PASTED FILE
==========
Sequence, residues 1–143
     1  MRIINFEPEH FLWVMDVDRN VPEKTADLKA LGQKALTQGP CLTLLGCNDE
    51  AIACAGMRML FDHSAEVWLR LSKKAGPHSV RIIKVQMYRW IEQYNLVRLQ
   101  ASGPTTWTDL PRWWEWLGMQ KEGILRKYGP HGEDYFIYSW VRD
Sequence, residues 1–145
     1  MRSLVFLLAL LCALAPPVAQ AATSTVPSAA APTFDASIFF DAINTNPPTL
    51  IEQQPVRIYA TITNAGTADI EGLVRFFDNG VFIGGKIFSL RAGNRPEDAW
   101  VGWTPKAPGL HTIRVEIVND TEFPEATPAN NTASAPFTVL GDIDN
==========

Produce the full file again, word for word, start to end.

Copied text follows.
Sequence, residues 1–143
     1  MRIINFEPEH FLWVMDVDRN VPEKTADLKA LGQKALTQGP CLTLLGCNDE
    51  AIACAGMRML FDHSAEVWLR LSKKAGPHSV RIIKVQMYRW IEQYNLVRLQ
   101  ASGPTTWTDL PRWWEWLGMQ KEGILRKYGP HGEDYFIYSW VRD
Sequence, residues 1–145
     1  MRSLVFLLAL LCALAPPVAQ AATSTVPSAA APTFDASIFF DAINTNPPTL
    51  IEQQPVRIYA TITNAGTADI EGLVRFFDNG VFIGGKIFSL RAGNRPEDAW
   101  VGWTPKAPGL HTIRVEIVND TEFPEATPAN NTASAPFTVL GDIDN